Allergies can produce a great deal of
suffering. In America alone, around 28 million people suffer from hay fever, and that does not include all the
individuals who are allergic to pet dander, dust, foods, and bee stings.
Allergies are the result of an immune
response gone overboard. Substances like dust, pollen, dust mites, and so forth are not harmful like pathogens. But
in the allergic individual, these substances produce an extreme immune response. From debilitating to a mere
annoyance, allergy symptoms are no fun.
Thankfully, there is a place for natural
remedies in allergy management. Here are some natural approaches that may help reduce allergy symptoms. (Note: the
natural remedies discussed below are not intended to be used to treat or prevent anaphylaxis, a deadly form of
allergic response that is a medical emergency.)
1. Ginkgo: Have you heard of Ginkgo for memory? Interestingly,
Ginkgo contains some substances that inhibit a chemical produced by the body during an allergic response:
platelet-activating factor, or PAF. When your body produces PAF in response to an allergen, the PAF sets off
a chain of events that lead to allergic symptoms and inflammation. Inhibiting the PAF means that the allergic
response does not get to complete its cycle. It's like breaking the link in a chain.
Ginkgo is generally sold in standardized
extract form. Herbalists recommend 60 to 240 milligrams daily, but no more than that. Ginkgo is low in side effects
but high in effectiveness.
2. Garlic: Garlic contains a substance called quercetin, which can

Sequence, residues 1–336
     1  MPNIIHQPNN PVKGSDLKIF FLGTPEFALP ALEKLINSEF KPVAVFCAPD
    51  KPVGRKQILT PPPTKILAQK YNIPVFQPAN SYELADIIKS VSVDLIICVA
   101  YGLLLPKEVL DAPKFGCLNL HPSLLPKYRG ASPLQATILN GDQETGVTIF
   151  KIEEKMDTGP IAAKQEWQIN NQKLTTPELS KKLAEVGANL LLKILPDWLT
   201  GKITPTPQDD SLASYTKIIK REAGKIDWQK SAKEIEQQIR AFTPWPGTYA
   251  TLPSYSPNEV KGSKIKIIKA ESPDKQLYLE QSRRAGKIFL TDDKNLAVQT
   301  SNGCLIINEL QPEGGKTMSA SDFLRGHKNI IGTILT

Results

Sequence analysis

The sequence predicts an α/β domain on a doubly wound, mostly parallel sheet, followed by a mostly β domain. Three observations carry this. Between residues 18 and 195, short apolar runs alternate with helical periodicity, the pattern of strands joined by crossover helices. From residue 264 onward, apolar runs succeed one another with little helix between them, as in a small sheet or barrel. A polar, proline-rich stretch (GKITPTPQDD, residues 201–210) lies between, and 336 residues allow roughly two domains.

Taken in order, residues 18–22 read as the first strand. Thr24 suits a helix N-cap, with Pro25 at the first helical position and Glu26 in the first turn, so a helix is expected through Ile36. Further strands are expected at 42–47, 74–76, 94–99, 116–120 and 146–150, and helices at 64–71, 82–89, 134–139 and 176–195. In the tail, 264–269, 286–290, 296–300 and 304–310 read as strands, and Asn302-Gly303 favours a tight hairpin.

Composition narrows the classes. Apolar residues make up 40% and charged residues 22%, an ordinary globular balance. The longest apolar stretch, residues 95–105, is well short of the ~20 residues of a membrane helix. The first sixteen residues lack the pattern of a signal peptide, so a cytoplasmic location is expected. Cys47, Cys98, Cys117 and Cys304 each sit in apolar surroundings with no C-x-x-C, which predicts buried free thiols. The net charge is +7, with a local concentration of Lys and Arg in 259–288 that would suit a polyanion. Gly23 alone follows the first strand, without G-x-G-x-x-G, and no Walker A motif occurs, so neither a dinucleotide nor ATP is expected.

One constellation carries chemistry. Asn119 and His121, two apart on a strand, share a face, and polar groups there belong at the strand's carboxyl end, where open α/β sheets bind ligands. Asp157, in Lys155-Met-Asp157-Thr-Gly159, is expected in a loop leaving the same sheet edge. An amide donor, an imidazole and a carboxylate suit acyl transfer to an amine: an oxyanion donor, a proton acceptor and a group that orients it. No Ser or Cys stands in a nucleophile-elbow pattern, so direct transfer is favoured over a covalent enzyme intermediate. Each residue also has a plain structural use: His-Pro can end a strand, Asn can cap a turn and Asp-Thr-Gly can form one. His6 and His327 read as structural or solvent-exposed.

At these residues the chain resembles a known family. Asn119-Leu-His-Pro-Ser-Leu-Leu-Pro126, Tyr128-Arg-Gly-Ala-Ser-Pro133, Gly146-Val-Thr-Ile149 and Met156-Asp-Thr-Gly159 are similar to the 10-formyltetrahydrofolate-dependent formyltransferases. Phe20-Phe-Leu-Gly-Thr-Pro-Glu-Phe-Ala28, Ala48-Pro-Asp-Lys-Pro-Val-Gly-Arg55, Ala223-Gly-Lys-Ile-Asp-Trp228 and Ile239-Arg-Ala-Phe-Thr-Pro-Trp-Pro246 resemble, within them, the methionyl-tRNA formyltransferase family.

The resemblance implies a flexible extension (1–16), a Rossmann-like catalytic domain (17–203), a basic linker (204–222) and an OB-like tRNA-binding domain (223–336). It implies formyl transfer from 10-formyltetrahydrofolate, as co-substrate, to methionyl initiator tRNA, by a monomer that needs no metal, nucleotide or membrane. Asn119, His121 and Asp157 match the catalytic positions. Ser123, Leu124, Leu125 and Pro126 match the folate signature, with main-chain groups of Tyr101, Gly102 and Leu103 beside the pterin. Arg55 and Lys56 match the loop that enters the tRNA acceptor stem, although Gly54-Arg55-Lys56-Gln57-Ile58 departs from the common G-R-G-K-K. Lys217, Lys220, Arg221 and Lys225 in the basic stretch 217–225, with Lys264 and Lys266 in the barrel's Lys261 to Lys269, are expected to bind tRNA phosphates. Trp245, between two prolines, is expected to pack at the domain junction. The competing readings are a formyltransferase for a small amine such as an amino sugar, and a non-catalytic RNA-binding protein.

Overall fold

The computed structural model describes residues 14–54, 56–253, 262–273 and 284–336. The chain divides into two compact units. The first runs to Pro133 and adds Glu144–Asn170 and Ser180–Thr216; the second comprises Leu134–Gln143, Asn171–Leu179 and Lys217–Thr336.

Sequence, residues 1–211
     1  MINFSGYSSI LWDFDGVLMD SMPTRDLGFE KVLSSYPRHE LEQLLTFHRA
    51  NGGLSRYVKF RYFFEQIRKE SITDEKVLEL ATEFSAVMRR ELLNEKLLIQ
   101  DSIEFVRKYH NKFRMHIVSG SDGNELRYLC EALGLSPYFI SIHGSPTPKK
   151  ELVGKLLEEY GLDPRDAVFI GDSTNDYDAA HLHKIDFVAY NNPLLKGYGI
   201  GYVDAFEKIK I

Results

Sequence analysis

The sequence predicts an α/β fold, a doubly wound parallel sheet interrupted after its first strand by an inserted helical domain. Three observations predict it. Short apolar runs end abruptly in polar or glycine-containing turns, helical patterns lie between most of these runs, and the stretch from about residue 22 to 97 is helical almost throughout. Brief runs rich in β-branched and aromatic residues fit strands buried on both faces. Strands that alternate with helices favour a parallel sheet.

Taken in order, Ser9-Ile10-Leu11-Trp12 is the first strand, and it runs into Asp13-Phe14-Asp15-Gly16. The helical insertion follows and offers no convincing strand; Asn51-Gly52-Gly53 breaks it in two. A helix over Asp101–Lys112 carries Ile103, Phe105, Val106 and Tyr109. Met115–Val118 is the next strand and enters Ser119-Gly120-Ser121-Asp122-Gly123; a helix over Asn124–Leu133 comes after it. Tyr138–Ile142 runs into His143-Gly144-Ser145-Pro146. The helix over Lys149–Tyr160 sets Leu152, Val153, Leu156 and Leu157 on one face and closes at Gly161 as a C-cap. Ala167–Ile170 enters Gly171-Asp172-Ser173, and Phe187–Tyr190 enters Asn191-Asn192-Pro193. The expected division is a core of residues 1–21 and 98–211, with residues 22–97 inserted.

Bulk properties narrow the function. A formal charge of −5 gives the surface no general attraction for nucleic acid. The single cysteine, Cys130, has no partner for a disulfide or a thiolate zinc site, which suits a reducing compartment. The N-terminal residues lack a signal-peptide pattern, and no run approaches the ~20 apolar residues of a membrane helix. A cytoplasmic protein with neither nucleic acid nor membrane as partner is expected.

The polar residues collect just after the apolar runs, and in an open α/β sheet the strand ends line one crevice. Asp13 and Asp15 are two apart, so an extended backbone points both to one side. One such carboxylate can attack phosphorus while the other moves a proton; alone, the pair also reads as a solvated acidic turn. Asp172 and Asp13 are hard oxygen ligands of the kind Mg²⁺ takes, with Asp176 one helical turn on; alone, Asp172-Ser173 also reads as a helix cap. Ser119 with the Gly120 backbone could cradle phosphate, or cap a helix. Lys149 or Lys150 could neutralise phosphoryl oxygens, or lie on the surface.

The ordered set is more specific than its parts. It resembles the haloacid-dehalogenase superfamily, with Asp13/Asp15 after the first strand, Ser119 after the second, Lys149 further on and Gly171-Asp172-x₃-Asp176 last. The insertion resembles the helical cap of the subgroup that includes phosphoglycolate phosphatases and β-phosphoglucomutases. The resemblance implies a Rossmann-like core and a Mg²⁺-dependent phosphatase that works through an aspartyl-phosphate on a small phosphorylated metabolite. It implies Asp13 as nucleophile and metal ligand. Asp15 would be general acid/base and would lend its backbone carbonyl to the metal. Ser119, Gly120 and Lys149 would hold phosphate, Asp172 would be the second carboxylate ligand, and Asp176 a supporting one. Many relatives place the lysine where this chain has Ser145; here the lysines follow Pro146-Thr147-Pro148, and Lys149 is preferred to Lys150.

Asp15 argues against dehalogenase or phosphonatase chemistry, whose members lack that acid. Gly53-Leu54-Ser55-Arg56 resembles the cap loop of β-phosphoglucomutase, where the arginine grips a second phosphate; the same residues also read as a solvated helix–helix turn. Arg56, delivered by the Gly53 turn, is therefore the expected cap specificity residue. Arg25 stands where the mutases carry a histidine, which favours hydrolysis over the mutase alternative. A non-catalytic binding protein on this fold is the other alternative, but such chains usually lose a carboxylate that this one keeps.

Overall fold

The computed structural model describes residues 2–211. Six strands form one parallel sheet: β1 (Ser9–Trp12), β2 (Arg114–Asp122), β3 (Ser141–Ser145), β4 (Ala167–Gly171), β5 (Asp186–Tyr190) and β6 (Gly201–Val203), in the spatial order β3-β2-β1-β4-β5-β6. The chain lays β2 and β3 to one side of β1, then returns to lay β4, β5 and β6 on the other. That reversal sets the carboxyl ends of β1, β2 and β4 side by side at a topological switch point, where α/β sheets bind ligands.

actually be taken as a supplement (more on that below). Other foods contain quercetin, too, but garlic has
high concentrations of this substance. Quercetin is reputed to slow down inflammatory reactions, such as
those found in allergic reactions. Onions, too, contain a significant amount of quercetin.
3. Enzymatic Therapy: Enzymes - or a lack of them - are implicated in the
development of allergies. At their very basic level, allergens are proteins, and certain enzymes are able to
break down proteins before they can incite an allergic reaction. Enzymes can be taken in supplement form, but
they may have digestive effects. However, many allergy sufferers find that the side effects are greatly
reduced when the enzymes are taken with food.
4. Quercetin: Quercetin reduces the release of histamine in our body.
Quercetin supplements are often suggested as a treatment for allergies. As noted above, certain foods contain
quercetin, too. This is another argument for a healthy diet, because the foods that contain the most
quercetin are those foods that are some of the healthiest: garlic, onions, apples, peppers, tomatoes,
berries, red wine (in moderation!), and citrus fruits - to name a few.
5. Anti-inflammatory foods: Inflammation is what also produces many of your common
allergy symptoms. Eating an anti-inflammatory diet by avoiding things that trigger inflammation, and eating
things that reduce inflammation, is an easy option. There is a wide range of tasty foods you can add to your
diet. These include blueberries, oats, green tea, ginger, turmeric, wild-caught salmon, raw honey